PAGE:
How much will Starlink internet cost?

SpaceX hasn’t released pricing details yet for internet service, but the company has continued to stress that pricing will be affordable.

Underserved countries and rural parts of the world will benefit from Starlink satellite internet service the most, but so will cities where Internet Service Providers (ISPs) get away with charging high prices because there’s so little competition.

How Starlink works

Images of the satellite constellation look like a fishing net, with thousands of dots connected by lines to the satellites they communicate with. The orbiting satellite network will cover the globe, and communicate with each other via lasers, which reduces lag time and enables a speedier connection (the two main complaints with satellite internet).

SpaceX is launching these satellites into much lower orbits than other satellites. This helps prevent a buildup of space junk, as dropping satellites will quickly burn up in the atmosphere. Low flying satellites also transmit data much more quickly. The company projects that Starlink latency (or lag time) will be as low as 15 milliseconds. Compare this to standard satellite internet latency of half a second (500 milliseconds), and you get an idea of how advanced Starlink internet technology is. Starlink’s internet will be twice as fast as cable internet service.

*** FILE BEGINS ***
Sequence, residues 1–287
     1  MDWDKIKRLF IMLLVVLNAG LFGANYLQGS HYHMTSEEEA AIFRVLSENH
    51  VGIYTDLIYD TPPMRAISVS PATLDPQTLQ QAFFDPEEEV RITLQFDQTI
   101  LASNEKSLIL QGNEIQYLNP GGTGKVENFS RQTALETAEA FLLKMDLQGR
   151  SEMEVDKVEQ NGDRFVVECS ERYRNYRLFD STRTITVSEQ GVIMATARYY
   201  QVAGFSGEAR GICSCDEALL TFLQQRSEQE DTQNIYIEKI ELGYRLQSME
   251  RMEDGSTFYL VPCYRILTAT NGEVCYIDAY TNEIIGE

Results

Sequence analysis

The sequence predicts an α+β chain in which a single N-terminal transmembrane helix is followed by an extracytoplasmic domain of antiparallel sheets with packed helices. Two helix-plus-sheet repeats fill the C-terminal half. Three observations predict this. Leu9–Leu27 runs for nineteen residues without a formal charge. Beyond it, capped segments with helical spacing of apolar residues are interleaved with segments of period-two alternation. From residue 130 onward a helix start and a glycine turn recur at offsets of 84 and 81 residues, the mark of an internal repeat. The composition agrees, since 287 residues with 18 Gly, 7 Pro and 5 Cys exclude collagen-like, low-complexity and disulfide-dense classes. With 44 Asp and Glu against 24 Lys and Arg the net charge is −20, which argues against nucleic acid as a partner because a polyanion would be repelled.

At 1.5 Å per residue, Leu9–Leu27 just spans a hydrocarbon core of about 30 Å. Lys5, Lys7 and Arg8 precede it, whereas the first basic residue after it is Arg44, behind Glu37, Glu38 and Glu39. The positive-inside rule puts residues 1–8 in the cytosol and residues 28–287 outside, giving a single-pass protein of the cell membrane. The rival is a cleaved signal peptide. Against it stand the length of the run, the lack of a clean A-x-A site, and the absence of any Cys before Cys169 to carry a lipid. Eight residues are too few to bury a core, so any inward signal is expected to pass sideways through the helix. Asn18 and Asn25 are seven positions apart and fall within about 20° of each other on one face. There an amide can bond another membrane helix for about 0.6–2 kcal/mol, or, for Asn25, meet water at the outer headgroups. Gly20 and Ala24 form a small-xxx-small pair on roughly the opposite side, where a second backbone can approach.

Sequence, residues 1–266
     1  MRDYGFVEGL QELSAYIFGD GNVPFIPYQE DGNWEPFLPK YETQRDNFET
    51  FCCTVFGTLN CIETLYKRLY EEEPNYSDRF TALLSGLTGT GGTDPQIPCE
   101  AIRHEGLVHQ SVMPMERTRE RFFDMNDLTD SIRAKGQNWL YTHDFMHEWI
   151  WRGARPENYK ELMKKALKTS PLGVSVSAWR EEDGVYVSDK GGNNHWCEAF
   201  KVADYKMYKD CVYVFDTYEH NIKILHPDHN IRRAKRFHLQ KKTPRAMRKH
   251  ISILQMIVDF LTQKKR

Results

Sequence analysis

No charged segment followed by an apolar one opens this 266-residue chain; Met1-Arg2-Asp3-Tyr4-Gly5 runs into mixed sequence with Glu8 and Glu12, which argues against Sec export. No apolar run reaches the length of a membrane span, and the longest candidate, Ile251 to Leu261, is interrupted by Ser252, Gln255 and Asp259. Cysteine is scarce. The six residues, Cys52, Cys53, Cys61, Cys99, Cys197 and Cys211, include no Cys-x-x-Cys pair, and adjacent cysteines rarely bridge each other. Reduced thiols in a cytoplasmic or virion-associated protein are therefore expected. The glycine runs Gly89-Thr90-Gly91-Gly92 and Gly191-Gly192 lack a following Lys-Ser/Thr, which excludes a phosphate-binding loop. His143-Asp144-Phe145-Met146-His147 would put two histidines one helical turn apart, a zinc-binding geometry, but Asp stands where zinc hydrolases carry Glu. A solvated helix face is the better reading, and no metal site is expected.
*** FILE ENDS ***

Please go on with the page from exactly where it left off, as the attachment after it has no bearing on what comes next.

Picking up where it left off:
SpaceX CEO Elon Musk has promised fast, cheap internet access for people all around the world, including the approximately 3 billion people who aren’t using the internet due to living in underserved, rural, or underdeveloped areas.

What People Really Know about SpaceX, Starlink, and Elon Musk